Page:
Rise of the Restaurant Robots? Chipotle and White Castle are Spending Over $500,000 a Month on Automation to Combat Labor Shortages

The rise of restaurant robots is upon us.

Major fast-food chains are employing robots to flip burgers, brew espressos and greet customers – and it is a fraction of the cost compared to paying human workers.

White Castle is testing the Flippy robot at 100 locations and Chipotle uses a one-armed robot to make tortilla chips at 73 sites – both cost $3,000 a month – and Starbucks has $18,000 AI-powered espresso machines in at least 1,200 locations. 

As food costs increase and a extreme labor deficit grips the US, paying monthly rentals for machines has become a worthwhile option.

The National Restaurant Association recently disclosed that four in five operators are understaffed and have been since the COVID-19 pandemic hit in 2020.

White Castle is testing the Flippy robot at 100 locations. This robotic arm flips hundreds of burgers daily and fries several items on the menu. It costs $3,000 a month for one robot

However, experts are not yet sold and convinced it will be a few years before robots are substituted in place of human workers.

David Henkes, a principal at Technomic, a restaurant research firm, told CNBC: ‘I think there’s a lot of experimentation that is going to lead us somewhere at some point, but we’re still a very labor-intensive, labor-driven industry.’


Miso Robotics demonstrates Flippy at White Castle.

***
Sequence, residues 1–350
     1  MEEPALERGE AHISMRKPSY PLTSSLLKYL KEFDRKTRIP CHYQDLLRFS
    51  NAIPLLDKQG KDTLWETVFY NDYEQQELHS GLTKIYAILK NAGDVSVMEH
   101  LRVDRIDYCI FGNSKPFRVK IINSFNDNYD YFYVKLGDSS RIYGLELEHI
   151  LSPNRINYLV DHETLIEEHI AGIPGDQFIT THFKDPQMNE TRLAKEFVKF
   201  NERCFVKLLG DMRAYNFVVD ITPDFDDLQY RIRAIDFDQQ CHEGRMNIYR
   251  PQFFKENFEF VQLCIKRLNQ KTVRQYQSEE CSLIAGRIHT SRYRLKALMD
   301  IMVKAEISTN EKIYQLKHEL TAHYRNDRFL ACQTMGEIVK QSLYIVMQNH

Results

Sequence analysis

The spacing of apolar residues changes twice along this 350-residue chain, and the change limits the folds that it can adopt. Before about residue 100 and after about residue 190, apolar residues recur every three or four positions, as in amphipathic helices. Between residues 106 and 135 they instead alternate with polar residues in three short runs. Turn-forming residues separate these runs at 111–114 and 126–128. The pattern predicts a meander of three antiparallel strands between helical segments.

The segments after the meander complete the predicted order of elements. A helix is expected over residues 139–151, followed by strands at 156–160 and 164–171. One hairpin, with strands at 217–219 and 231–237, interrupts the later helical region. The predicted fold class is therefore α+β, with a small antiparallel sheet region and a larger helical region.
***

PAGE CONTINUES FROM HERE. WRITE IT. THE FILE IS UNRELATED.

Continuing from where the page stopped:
The labor shortages have compelled restaurant owners to offer higher wages to entice more staff, which, mixed with increasing food costs, is causing establishments to run their banks dry to stay afloat.

But this is where automation comes to the rescue.

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Starbucks has rolled out more than $21 million worth of AI-powered espresso makers that runs on the company’s Deep Brew software.

And while it does not brew cups of coffee, it can mix brews exactly and does so quicker than a human barista.

Similar software has also been joined to the coffee maker’s drive-thru lanes, which greet customers and take their orders – downsizing the number of staff required in a location.

Job shortages started because of the COVID-19 pandemic, as many restaurants were forced to close due to harsh lockdown orders, and the industry cannot seem to rebound back.

A study by the National Bureau of Economics found that COVID-19 reduced the US workforce by hundreds of thousands.











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Ella Ford is a mother of two, a Christian conservative writer with degrees in American History, Social and Behavioral Science and Liberal Studies, based in the Tulsa, Oklahoma area.


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